TAKE THE ACRL EDI POLL

Thank you very much for your input in helping us move forward on these vital issues.

Posted in Association of College and Research Libraries (ACRL), Calls and Requests, Library Organizations, Surveys | No Comments »

UIUC’s Ann Zettervall is ACRL Member of the Week

(via ACRL)

Ann Zettervall is a MSLIS Student at the University of Illinois at Urbana-Champaign<https://ischool.illinois.edu/> in Champaign, Illinois<https://www.google.com/maps/@40.076791,-88.2153136,10z>. Ann first joined ACRL in 2017 and is your ACRL member of the week for June 18, 2018.

Describe yourself in three words: Thorough, Inquisitive, Patient.

What are you reading (or listening to on your mobile device(s)? Right now, I’m reading two books. I’m rereading The Hunger Games by Suzanne Collins<http://www.suzannecollinsbooks.com/>on my Kindle for fun while also reading Introduction to Cataloging and Classification, 11th Edition<https://books.google.com/books/about/Introduction_to_Cataloging_and_Classific.html?id=osihCgAAQBAJ> by Daniel N. Joudrey, Arlene G. Taylor, and David P. Miller for my summer class.

Describe ACRL in three words: Educational, Innovative, Inclusive.

What prompted you as a student to join ACRL? As soon as I was accepted to the MSLIS program at the University of Illinois at Urbana-Champaign, I searched for professional organizations I could join in order to learn as much as possible beyond the classroom. I joined ACRL  because I always planned to work as a librarian in higher education. By joining ACRL, I hoped to learn about current issues and trends in academic libraries and the associated research as well as to make connections with current librarians.

What are your career goals? How might ACRL help you achieve those goals? My goal is to work as a health sciences librarian at a large research university. I also have a strong interest in instructional design. I would like to be able to combine these interests by working closely with faculty and students to integrate information literacy and library resource education into the curriculum. ACRL provides educational online programs, librarian profiles, and research and information trends that will help me guide my learning throughout my program. Making professional connections can provide me with mentorship and guidance on how the field is developing and how I can develop my skills to support my passions and career goals.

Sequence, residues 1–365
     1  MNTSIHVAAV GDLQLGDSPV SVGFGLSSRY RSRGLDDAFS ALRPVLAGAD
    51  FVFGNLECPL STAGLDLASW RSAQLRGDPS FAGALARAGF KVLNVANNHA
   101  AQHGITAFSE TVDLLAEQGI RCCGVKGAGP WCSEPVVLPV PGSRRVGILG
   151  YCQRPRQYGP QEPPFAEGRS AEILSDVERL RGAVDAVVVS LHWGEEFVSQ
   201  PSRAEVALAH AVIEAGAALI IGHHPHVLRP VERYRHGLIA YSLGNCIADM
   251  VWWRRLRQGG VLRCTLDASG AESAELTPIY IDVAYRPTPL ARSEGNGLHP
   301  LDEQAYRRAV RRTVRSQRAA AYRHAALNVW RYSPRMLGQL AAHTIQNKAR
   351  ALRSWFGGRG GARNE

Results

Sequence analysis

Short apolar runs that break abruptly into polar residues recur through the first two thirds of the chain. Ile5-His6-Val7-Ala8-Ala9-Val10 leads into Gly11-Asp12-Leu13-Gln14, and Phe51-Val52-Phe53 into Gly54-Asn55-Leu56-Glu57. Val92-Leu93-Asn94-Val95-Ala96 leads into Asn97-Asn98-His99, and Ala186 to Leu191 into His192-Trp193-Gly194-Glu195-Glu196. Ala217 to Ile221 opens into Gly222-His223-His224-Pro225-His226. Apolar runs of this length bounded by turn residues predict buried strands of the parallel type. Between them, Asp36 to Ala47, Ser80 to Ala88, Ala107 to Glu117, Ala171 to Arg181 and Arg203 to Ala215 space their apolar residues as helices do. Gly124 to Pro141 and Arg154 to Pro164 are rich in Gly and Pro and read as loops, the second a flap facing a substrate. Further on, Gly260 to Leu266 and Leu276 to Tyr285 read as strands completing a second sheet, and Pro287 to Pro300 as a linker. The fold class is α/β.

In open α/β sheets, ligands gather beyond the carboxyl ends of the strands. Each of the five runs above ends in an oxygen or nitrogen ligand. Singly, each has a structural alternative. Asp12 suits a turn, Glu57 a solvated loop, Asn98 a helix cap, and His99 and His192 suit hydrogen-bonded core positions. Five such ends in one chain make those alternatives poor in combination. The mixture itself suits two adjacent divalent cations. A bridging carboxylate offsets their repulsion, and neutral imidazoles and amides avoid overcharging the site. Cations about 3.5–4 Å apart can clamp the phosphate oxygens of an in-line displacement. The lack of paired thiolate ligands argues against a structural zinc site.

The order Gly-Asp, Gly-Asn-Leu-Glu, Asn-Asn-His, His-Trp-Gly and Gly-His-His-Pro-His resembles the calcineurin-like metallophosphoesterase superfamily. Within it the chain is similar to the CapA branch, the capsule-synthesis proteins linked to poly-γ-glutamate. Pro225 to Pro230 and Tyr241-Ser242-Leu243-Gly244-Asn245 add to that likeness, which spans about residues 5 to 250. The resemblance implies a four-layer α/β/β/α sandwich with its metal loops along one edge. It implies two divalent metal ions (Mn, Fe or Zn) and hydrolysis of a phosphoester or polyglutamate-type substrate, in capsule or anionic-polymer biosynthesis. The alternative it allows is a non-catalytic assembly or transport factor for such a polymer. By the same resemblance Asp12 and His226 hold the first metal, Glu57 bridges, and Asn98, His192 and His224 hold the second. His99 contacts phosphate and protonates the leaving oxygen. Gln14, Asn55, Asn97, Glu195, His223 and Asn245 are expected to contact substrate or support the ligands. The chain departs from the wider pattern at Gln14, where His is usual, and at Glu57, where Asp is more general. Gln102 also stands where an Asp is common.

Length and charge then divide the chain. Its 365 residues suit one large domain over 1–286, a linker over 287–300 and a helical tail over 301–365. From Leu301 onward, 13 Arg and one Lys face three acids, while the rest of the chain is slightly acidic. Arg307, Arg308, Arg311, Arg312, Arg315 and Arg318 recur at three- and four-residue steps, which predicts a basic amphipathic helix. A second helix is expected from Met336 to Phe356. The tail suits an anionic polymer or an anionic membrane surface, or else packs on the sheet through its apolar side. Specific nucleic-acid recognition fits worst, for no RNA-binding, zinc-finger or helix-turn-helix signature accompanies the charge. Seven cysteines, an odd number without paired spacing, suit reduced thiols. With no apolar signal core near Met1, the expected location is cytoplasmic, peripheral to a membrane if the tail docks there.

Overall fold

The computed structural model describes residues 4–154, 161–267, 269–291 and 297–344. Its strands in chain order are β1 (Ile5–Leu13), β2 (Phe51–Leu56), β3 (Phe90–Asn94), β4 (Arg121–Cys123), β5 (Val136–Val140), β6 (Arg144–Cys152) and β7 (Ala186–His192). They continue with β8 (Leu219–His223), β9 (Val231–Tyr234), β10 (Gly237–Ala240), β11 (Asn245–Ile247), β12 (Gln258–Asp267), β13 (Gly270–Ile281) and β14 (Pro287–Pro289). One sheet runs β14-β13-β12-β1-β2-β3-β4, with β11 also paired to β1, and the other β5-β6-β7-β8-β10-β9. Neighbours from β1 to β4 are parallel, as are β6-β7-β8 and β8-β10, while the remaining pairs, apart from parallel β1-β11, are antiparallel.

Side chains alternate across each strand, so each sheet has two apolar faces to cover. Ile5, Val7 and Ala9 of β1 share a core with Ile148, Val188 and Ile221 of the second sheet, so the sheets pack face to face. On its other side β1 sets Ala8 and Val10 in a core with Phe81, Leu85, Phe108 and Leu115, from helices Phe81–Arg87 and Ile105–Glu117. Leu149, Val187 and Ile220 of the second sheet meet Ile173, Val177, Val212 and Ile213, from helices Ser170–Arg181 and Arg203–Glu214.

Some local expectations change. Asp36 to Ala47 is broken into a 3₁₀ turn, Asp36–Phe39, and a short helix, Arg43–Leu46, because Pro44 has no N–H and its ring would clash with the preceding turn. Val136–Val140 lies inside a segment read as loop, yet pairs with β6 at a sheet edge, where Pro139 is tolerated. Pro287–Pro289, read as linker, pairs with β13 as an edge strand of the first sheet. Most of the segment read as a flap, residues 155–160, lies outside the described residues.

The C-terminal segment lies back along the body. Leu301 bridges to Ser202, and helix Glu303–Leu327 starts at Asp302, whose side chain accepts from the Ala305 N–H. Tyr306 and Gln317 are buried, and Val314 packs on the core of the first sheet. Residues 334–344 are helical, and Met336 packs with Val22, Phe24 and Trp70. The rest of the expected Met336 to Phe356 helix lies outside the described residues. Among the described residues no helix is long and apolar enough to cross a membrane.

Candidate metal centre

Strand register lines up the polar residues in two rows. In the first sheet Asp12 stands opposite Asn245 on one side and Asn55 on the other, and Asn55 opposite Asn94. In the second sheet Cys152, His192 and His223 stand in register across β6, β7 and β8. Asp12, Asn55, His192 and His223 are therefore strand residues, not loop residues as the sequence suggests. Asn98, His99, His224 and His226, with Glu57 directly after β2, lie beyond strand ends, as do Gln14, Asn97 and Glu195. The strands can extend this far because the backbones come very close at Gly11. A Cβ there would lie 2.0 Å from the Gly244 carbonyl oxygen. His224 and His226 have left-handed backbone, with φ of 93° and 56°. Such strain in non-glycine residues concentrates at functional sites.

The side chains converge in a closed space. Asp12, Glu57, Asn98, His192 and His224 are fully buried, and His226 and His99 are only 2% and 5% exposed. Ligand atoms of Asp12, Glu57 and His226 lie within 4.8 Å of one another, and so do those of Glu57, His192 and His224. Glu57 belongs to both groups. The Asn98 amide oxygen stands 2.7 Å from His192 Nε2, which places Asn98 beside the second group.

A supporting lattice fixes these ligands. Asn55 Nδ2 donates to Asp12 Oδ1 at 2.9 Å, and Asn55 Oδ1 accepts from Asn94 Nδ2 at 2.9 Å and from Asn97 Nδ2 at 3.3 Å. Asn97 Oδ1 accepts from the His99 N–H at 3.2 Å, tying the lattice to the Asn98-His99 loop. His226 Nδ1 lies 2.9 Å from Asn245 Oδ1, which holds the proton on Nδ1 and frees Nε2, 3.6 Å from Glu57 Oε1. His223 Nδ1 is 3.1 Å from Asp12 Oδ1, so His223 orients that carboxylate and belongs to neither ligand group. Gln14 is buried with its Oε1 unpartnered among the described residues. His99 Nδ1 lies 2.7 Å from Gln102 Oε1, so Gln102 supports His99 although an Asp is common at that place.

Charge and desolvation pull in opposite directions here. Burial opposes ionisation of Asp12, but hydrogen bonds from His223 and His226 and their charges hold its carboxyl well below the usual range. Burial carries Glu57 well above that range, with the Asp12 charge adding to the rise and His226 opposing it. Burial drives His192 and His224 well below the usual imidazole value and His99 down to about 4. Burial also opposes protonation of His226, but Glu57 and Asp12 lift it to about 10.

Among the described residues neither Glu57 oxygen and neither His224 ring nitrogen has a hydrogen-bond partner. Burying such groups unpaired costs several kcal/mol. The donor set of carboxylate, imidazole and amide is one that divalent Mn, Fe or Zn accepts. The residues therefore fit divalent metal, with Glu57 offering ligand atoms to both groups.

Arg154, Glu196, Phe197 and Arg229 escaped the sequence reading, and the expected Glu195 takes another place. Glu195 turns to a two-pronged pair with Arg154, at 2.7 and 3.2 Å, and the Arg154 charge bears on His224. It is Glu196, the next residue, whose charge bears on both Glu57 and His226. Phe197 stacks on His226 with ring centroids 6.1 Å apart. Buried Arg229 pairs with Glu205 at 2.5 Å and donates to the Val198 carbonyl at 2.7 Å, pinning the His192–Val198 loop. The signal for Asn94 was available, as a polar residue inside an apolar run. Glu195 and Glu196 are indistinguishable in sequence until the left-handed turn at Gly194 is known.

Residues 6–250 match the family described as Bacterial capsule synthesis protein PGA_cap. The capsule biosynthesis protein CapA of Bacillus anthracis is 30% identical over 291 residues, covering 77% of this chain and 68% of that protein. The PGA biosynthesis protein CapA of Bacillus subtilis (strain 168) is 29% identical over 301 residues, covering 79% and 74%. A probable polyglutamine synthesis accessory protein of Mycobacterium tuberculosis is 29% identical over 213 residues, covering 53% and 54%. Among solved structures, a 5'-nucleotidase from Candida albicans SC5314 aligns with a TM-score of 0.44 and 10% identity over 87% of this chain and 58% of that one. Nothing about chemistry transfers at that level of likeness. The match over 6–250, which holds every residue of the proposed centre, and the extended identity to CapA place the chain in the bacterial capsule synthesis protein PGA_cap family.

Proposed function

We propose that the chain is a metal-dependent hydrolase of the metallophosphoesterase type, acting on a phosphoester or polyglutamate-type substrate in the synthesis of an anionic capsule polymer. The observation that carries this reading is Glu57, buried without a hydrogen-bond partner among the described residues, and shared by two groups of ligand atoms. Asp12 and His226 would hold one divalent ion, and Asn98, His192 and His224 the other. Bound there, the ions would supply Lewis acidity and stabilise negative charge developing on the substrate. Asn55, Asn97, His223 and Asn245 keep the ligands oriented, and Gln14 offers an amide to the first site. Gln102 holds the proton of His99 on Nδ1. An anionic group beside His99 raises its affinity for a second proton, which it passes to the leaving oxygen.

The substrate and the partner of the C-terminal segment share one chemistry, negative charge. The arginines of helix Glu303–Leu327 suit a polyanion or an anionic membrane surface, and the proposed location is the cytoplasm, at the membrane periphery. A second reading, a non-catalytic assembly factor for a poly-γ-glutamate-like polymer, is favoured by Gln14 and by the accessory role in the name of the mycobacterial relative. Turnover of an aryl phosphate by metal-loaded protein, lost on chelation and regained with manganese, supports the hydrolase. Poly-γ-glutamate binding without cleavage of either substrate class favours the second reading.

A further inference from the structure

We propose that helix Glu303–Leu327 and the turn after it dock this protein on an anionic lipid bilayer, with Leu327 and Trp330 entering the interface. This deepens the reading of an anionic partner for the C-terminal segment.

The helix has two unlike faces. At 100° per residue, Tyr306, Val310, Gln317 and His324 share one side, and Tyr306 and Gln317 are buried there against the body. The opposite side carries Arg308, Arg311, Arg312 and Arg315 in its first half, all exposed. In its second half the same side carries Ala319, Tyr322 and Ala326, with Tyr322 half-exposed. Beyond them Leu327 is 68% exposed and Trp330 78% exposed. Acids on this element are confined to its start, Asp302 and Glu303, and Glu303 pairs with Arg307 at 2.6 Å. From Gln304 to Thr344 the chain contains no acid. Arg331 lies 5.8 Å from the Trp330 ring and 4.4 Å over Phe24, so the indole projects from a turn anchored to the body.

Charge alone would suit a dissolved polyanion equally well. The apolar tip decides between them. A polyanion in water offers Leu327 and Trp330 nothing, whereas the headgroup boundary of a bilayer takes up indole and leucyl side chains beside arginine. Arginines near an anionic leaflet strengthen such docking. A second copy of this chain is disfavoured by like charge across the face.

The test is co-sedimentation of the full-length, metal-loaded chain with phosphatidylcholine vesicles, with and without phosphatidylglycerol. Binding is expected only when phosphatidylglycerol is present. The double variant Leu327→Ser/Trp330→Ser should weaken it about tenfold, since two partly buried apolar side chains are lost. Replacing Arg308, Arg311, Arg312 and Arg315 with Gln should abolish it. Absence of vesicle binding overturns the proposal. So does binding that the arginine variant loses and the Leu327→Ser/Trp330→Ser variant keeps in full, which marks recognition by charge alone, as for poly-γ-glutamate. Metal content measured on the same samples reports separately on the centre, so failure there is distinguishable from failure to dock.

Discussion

In your own words: Academic librarianship is the cornerstone of research and education in higher education. While librarians maintain resources and access to these resources, academic librarians go a step beyond by collaborating with faculty for teaching and research needs. As I focus on a career in health sciences librarianship, I am excited to have the opportunity to educate users to efficiently and effectively evaluate and navigate resources throughout their careers. I hope to encourage faculty and students to see academic librarianship as a resource for educational collaborations. I hope to constantly improve my ability to educate, serve, and collaborate with users by reflecting on my teaching and reference successes and failures through research.

The interview is also available at https://www.acrl.ala.org/acrlinsider/archives/15975.

Posted in Association of College and Research Libraries (ACRL), Awards, Grants, and Scholarships (non-HSLI), Library Organizations, Member News | No Comments »